“Spirited” - Film Review
An incredibly clever and creative take on the classic “Christmas Carol” stories, based on the Charles Dickens novel, “Spirited” has something for all audiences. From captivating musical numbers to witty one-liners and a number of well-known cast members, this film certainly carries the potential to be a timeless Christmas classic.
“Spirited” revolves around the ghosts of Christmas past, present and yet-to-come, and their attempt to redeem Clint Briggs, played by Ryan Reynolds, in the same fashion that Ebeneezer Scrooge was once redeemed on Christmas Eve. The ghosts work for Jacob Marley at a spiritual corporation dedicated to the redemption of ill-mannered humans.
Throughout the film, the Ghost of Christmas Present, played by Will Ferrell, brings Briggs, who is considered “unredeemable” by the ghosts, through different scenarios and tries to coerce him into a change of heart. Although Briggs repeatedly makes it clear that he has no interest in changing his ways, Present is incredibly dedicated to proving that even an unredeemable person can become someone of good character.
Throughout the film, Briggs and Present engage in clever banter that often rolls into a song that contains a lesson about the importance of being good. The music in “Spirited” is shockingly good, containing a variety of upbeat snappy songs about how wonderful Christmas and goodness are, as well as some downtempo ballads that tug on the heartstrings of viewers.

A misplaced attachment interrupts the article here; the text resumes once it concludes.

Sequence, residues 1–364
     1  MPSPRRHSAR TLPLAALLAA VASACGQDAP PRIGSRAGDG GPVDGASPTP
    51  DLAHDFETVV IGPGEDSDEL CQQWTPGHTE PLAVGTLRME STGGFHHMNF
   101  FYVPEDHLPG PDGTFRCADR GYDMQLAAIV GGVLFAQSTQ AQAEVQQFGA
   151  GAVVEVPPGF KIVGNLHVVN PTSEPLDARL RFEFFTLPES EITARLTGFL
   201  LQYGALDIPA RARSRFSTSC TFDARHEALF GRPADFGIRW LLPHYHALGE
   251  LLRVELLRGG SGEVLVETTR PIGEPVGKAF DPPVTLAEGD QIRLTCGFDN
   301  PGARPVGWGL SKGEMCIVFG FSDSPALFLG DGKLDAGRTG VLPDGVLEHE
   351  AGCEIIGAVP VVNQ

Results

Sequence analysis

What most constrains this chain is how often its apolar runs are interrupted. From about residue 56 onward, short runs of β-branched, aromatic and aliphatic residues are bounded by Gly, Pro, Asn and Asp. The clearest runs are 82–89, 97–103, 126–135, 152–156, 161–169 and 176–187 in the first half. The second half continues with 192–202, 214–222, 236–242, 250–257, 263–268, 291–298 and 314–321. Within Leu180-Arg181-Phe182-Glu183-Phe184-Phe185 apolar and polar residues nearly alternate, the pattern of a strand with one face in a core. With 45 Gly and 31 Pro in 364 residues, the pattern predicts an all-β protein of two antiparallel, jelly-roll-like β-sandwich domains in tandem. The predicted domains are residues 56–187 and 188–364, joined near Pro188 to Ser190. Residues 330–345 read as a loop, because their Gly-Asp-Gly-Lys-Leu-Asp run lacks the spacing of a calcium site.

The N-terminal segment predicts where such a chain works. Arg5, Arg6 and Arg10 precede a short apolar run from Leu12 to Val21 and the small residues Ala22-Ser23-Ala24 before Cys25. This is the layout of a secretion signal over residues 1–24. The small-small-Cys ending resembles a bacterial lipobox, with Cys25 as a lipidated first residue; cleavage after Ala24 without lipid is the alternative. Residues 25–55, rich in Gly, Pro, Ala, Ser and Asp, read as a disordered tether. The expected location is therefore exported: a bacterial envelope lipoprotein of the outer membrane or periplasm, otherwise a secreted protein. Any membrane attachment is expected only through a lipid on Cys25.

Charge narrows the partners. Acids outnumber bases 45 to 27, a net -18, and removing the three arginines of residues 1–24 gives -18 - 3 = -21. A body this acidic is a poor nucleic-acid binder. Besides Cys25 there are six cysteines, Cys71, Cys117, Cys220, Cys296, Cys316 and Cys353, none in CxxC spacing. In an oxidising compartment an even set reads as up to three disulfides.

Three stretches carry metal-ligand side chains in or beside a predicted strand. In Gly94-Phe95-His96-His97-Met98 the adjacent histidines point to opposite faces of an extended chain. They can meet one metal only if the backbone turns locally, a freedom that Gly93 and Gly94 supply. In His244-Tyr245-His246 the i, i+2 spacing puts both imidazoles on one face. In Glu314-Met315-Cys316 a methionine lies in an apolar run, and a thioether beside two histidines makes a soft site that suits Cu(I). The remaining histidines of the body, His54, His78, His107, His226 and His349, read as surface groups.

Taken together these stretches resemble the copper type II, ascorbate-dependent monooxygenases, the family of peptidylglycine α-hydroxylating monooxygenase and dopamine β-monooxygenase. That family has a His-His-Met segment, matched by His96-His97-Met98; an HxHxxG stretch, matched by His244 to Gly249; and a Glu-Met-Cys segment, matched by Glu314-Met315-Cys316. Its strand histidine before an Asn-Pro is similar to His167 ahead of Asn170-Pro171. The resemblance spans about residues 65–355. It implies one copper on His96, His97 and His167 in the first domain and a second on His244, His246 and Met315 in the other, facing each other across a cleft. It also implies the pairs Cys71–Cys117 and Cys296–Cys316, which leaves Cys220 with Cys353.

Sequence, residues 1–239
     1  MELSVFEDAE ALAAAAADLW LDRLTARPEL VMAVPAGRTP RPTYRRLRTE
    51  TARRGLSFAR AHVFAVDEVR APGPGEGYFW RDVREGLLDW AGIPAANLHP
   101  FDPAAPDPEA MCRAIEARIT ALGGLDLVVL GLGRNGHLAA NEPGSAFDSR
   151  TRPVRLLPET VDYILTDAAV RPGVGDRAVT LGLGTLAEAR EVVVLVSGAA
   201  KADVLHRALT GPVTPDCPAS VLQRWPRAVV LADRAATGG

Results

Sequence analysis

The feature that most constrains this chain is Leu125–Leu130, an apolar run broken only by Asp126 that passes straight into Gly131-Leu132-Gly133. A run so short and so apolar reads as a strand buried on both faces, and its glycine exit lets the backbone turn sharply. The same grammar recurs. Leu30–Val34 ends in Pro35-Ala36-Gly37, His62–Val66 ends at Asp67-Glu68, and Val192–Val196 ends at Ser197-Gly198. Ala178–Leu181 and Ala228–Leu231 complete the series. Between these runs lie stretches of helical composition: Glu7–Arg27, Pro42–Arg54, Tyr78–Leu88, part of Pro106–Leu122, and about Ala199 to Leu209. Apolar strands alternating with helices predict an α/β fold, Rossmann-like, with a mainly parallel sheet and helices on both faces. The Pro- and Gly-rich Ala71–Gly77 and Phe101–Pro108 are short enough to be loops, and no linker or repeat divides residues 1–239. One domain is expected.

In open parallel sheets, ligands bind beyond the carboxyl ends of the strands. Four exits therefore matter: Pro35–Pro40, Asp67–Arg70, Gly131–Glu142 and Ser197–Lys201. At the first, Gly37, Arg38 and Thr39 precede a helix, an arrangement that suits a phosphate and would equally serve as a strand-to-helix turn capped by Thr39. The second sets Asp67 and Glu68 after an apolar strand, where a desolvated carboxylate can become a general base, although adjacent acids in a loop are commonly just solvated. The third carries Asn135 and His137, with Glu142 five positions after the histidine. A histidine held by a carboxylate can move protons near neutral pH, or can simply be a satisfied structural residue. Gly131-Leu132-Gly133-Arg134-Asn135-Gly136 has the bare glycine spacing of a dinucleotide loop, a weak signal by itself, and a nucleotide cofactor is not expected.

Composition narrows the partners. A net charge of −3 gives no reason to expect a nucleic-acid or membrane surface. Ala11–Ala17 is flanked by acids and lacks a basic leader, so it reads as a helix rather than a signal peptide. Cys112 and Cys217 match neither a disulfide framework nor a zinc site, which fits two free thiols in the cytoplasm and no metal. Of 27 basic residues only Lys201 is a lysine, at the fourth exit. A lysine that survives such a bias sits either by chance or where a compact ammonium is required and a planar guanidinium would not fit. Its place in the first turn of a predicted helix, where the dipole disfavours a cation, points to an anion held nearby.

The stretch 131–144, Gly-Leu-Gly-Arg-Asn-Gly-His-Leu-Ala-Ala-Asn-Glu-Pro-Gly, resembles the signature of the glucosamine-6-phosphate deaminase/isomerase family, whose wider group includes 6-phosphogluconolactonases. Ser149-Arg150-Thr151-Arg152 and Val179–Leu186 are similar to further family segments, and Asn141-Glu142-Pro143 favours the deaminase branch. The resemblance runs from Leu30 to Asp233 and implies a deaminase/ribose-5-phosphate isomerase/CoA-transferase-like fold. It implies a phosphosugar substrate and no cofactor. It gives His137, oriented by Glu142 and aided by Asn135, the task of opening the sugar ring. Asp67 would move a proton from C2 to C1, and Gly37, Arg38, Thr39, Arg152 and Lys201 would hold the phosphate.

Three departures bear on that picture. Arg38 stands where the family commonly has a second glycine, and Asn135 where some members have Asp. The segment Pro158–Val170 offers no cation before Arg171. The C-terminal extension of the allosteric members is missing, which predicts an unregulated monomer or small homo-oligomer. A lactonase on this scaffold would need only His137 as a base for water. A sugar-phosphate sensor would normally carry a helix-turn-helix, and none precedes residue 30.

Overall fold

Kimberly, played by Octavia Spencer, sings one sentimental song about her desire to be more than Briggs’ “yes-man” corporate assistant. In “The View From Here” Kimberly wishes for a life in which, instead of constantly agreeing to do Briggs’ dirty work and dig up information on opponents, she has the courage to go against the status quo and do some good for the world. Although she is objectively successful, she feels as though she has wasted her career and has lost sight of what is right.
In contrast, Briggs and Present sing a rhythmic dancing tune titled “Good Afternoon.” The tongue-in-cheek ditty pokes fun at Ebeneezer Scrooge and his lesser-known catchphrase that was considered, in the words of Present, “a sick burn” in his day and age. The pair sing and dance around the streets of England in the 1890s as Briggs, acting as unredeemable as ever, convinces Present to wish many passersby a good afternoon. The quality of each musical number leaves viewers wondering if this production could be performed as a Broadway musical.
It becomes increasingly evident throughout the film that Present has a strong desire to return to his life on earth as a human, and Briggs encourages him to pursue this dream rather than continue his work redeeming humans. While Present sees Briggs’ encouragement as proof that he cares about his new friend’s happiness and therefore is not unredeemable, Briggs continues to argue that he is not a good guy and that he is only trying to get rid of the ghosts so he can return to his normal life.
Overall, “Spirited” was incredibly fun to watch. While some of the dialogue was corny and the film’s run-time was certainly too lengthy for its own good, there are very few flaws within this movie, and the sheer energy and enthusiasm of the cast makes it very difficult not to enjoy. The good parts of this movie are fantastic and certainly overshadow the few hiccups in the length and plot of the movie.
Rachel Newnam is a second-year majoring in broadcast journalism. To contact her, email email@example.com.
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